|Horace P. Hemmingway
|Released by Warner Brothers | Directed By Ray Enright and Busby Berkeley
Proof That It’s Pre-Code-ish
- Leading romantic couple Barbara and Jimmy are 13th cousins, or so Jimmy says to calm her worries.
- Sweet Jimmy Higgins puts on a big Broadway show that includes a couple of musical numbers with scantily clad women. More on that below.
- Pokes fun at censorship, right in the ribs. Kibbee can’t even pretend to swear, noting, “I’ve called every… blankity blank drugstore in this town!”
Dames: One Last Bow for Pre-Code Hollywood
“Mr. Ounce does not approve of females.”
Busby Berkeley’s track record in the early 1930s is stellar. The choreographer’s work, combined with the talents of dozens of great directors, can ostensibly be said to have peaked in the stunning Gold Diggers of 1933. That picture was followed by the decadent Wonder Bar and today’s feature, Dames. Released in September of 1934, just a few months after the enforcement of the Motion Picture Production Code, Dames is a playful rebuke to the encroaching era of stifled morality.
As with Berkeley’s other major early 30s productions, the faces are familiar in front of the camera. Dancin’ Ruby Keeler gets a chance to stomp on a few stage floors, Dick Powell has that big old smile, and Joan Blondell gets to pop up under a few covers where she clearly shouldn’t be, not that anyone in their right minds should be complaining.
But there’s a weird twist to Dames that throws off a lot of people. While Keeler, Powell, and Blondell all get their moments to shine and their big musical numbers, they’re not the main event of the movie. Dames is actually a showcase for the comedic stylings of Hugh Herbert, Guy Kibbee and Zasu Pitts, three of the goofiest film stars of the time. None of their comedic stylings are escape the general category of ‘broad’, with Herbert as the eccentric buffoon, Kibbee as the portly, bumbling idiot, and Pitts as the fragile oddball.
Herbert’s Ezra Ounce is an kooky millionaire who may as well wear his purple underpants on the outside. He’s bound and determined to use his fortune to help bring decency and morality to New York City, roping in his gold digging relatives Kibbee and Pitts who hope to profit from their partnership by leading up the newly formed Ounce Foundation For the Elevation of American Morals. Or OFFEAM for… short, I guess.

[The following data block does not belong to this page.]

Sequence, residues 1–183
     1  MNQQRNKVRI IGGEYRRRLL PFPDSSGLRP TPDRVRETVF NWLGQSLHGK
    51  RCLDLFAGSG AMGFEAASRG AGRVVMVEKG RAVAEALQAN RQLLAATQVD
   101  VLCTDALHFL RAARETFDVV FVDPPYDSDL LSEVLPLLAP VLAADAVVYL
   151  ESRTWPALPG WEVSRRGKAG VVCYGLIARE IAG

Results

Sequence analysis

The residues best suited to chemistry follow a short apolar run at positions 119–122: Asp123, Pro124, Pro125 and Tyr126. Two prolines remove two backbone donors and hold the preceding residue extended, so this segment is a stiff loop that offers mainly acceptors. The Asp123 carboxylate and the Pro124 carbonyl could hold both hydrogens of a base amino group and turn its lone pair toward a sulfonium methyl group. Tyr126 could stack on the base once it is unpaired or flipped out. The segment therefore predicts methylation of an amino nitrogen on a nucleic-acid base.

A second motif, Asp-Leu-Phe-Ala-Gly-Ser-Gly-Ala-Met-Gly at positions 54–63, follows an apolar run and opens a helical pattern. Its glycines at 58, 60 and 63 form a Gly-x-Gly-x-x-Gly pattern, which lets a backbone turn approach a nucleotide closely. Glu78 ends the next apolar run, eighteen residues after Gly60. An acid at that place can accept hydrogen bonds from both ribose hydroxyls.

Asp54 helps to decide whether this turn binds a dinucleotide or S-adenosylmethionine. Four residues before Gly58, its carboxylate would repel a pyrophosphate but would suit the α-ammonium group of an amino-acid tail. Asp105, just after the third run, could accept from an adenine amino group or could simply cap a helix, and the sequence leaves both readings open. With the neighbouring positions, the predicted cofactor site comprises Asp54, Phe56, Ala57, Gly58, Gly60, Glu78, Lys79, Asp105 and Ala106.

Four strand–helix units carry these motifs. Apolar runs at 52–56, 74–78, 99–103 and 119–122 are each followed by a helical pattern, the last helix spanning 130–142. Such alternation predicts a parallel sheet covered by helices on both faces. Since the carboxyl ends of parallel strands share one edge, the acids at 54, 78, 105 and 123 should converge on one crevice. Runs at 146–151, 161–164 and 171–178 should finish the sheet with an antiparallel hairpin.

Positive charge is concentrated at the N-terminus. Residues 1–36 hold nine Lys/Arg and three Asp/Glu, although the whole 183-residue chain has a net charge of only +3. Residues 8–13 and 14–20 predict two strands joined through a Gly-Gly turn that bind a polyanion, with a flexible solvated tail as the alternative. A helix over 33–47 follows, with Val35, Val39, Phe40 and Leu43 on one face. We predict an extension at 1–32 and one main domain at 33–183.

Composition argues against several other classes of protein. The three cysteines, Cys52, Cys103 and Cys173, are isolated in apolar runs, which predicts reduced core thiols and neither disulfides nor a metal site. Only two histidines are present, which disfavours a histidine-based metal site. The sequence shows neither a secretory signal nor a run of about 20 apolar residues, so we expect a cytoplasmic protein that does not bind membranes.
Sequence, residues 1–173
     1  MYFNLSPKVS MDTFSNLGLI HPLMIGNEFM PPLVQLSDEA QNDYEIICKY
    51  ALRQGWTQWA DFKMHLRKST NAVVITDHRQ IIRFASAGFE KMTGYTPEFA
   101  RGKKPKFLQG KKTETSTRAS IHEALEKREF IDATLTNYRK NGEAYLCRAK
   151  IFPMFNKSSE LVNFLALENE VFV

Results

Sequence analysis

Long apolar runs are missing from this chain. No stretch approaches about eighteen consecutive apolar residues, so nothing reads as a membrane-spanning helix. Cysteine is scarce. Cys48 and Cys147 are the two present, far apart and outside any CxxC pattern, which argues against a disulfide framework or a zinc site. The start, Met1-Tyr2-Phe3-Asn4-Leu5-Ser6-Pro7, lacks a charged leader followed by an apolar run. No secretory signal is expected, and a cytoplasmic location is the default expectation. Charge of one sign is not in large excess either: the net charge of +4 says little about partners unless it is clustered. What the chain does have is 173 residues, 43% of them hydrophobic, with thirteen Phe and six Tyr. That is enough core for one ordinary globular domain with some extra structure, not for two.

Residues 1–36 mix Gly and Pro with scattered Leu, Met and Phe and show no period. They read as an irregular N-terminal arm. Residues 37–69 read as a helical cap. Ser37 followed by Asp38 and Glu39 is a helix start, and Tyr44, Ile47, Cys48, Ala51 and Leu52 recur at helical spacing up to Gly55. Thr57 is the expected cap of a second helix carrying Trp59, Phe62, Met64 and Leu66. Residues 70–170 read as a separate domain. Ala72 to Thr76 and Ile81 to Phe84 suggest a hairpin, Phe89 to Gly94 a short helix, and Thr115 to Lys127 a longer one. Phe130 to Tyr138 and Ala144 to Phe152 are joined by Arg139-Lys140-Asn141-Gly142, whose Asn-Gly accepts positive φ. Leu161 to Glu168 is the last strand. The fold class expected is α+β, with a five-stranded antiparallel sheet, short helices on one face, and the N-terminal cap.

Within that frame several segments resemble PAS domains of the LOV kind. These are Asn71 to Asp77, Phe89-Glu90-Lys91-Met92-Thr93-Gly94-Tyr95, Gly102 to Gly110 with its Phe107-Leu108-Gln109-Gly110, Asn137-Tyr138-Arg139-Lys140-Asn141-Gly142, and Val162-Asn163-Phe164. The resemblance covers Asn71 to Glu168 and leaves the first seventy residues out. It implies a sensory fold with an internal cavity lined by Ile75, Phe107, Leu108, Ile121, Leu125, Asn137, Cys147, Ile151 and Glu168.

But trouble-making distant relative Jimmy (Powell, here avoiding being a Tommy, Scotty or a Billy this time around) is bound and determined to get his new musical variety show, Sweet and Hot, onto the stage. Since that’s exactly the kind of thing Ezra is against, Jimmy uses out-of-work chorus girl Blondell to blackmail Kibbee’s Horace P. Hemmingway into ponying up the cash to put on the show. Horace keeps under wraps so that Ezra won’t find out and he still has a shot at a fortune once his dear eccentric brother-in-law passes on. Ezra, seeking to send a message to the rest of the New York art scene, puts together a gang of hoodlums in tuxedos to attend the premiere of Sweet and Hot and, with his signal, crash the party.
Rotund Horace is more or less the protagonist of the picture, a miniature Sisyphus whose attempts to gain a small fortune out of being a simple toady is confounded at every turn by Blondell’s perky… well, needless to say, more things that a censor would disapprove of. Pitts as his wife is as equally as sexless as Horace, though escapes temptation; she doesn’t even share a bedroom with him. His character is desperate to remain a good Christian eunuch for Ezra’s sake against the perpetual plague of Blondell’s perkiness and fate itself. As Ezra constantly orders him to have his “loins girded for the battle” against sin– probably not the wisest idea to always referring to loins and sins in the same sentence — Horace is also revealed to be ‘the sausage casing king’ of New York and stuck with the middle name of ‘Peter’, just for euphemistic effect. I think his journey here could be pretty well documented in a Dames remake by the Coen Brothers– A Serious Man with singing.
Hugh Herbert is the antagonist, naturally, the moral majority embodied in one eccentric millionaire. But forthright indignation only extends to women. Besides being okay with a narcoleptic bodyguard whose favorite thing to do when he wakes up is to shoot his gun wildly, Herbert’s Ezra suffers from acute nervous indigestion– AKA the hiccups. The only solution that Ezra abides is Dr. Silver’s Golden Elixir, an ancient (pre-Prohibition) medication that just so happens to be composed of more than 50% alcohol. It’s apparently so curative that Kibbee and Pitts begin downing it regularly as well. And it gets even better when the new formula is released, which ups the alcohol percentage to 79%– which makes it something like 160 proof. Yum.
The love triangle that concerns the young and pretty actors, with Blondell’s busty ingenue cleaving apart 13th cousins Powell and Keeler, is perfectly paltry. Blondell’s entire role is simply ‘sexpot’, with her motivations nearly always dictated by a third party. Powell is his usual bundle of crooner smiles, and, while I adore Keeler (and am apparently in the minority in that regard), her part here never rises above that of petulant child with gams to die for. She does manage the most remembered line of the picture, which serves to emphasize her personal lack of personality:
“I’m free, white, and 21. I love to dance, and I’m going to dance!”